The Vantage 100 CTI performs exceedingly well for 95 percent of ski days.
The Vantage 100 CTI performs exceedingly well for 95 percent of ski days. (Photo: MICKEY ROSS)

Six-Month Review: Atomic Vantage 100 CTI

Almost as good as our Gear of the Year winner—for $350 less


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Faced with a steady market of loyal skiers who ski a lot—there are fewer occasional skiers left in the sport—most ski manufacturers today chase quality above all else. The idea? Better skiers appreciate better skis. And once you hook them on performance they’ll keep coming back. 

Atomic took a different approach. Instead of chasing the ultra-premium market, it wants to own value across all categories. As reported below, it succeeded. But not—and this is the surprising part—at the cost of quality or performance. In short, the Vantage 100 is one of the best buys in skiing.

The Takeaway

The Good: The Vantage 100 CTI skis as well as any ski we tested, and better than most, for up to $350 less. 

The Bad: ​In theory, a less expensive ski might not hold up as long as, say, the higher-priced Kästle, but even if that were the case, you’re still getting way more than your money’s worth.

The Verdict: ​Our testers, who ski upwards of 60 days per year, run the Vantage almost all the time. On the hill, it’s fluid, fun, and easy when you want, but push it on morning ice and it only inspires more confidence. “So balanced,” wrote one tester. “It handled everything I threw at it.”  


  • Price: $850
  • Category: All Mountain
  • ​Intended Use: 50 percent off trail, 50 percent on trail
  • Dimensions: 139.5/100/126.5
  • Length Tested: ​180 cm
  • Turn Radius for Size Tested: 18 meters
  • Weight in 172 cm: 1,950 grams per ski

The Shape

The 100-millimeter waist is the modern benchmark for do-everything versatility. When paired with rocker and taper, 100-millimeter skis are fat enough for most real-world powder days at resorts and skinny enough that you don’t have to dislocate your hip to set an edge on groomers.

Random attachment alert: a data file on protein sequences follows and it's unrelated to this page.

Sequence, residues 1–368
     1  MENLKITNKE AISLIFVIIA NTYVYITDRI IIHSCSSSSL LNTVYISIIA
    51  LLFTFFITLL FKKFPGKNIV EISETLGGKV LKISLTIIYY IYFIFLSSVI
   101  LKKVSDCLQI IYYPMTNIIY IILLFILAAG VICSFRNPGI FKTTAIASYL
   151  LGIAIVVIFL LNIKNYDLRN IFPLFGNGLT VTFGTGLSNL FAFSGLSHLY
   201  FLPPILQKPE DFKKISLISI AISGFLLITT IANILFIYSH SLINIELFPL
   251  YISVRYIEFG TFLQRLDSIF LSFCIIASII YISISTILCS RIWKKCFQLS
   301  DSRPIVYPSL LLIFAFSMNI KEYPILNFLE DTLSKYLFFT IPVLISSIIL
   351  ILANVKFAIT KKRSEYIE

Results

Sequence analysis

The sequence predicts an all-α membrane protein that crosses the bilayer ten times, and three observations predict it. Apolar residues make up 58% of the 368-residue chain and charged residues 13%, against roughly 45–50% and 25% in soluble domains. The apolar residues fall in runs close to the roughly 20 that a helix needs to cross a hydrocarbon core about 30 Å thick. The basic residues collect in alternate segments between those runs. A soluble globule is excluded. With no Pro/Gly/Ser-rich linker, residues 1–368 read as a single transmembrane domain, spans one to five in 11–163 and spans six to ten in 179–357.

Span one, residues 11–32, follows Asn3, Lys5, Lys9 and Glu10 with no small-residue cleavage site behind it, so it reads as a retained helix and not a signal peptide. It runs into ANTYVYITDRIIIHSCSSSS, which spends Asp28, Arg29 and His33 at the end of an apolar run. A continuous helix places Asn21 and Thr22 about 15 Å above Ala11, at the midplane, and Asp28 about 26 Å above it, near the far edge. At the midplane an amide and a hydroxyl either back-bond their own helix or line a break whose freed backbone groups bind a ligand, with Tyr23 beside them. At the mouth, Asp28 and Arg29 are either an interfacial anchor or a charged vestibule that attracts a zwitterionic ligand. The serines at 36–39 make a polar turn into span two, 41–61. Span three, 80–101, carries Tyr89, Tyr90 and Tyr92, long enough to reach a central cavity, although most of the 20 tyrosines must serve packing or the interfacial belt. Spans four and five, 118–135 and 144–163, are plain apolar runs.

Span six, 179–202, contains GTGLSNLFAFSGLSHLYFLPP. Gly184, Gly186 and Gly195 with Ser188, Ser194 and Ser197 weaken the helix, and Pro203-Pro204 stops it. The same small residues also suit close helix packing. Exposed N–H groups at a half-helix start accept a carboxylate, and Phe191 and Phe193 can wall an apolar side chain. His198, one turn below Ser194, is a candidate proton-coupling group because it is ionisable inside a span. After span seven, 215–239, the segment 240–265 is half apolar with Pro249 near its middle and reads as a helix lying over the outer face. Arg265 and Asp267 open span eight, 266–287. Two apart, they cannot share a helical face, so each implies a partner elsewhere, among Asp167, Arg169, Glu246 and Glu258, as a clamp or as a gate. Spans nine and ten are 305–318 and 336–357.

They work out West for all but the weirdest of deep snow, and they work back East on all but the hardest of ice. Read: they perform exceedingly well for 95 percent of ski days. 

Much of that is due to advancements in taper and rocker, which make skis more manageable both on and off trail. Atomic has been on the leading edge when it comes to the reshaping of modern skis, but what’s less apparent from a glance is that a full 70-percent of the Vantage 100 is cambered. That means the ski transitions from off-trail powder hunter to on-trail carver with nary a hitch. An 18-meter sidecut and a damp ride (see The Build) means you won’t be bored riding groomers all day.

The Build

The Vantage line was a tester favorite for years thanks to innovative shaping, but this year the build was overhauled with new materials. That speaks to a larger trend across the industry, as companies figure out how best to blend new developments like rocker, taper, and elliptical sidecuts with old technology like camber, and then exploit the use of new materials. 

That's where Atomic’s Carbon Tank Mesh comes in. Designers have played with carbon for years, but if they use too much of it, the ski feels glassy and hollow—euphemisms for skittish and harsh. By using carbon in an open weave mesh, Atomic was able to dampen the ski without deadening it, boost the edge hold without losing a subtle ride, shave weight without injecting that hollow feel, and basically jack the performance up a level without adding excessive metal—and weight. A smartly milled Titanium Backbone—more of a spine than a full sheet of metal—adds power.  


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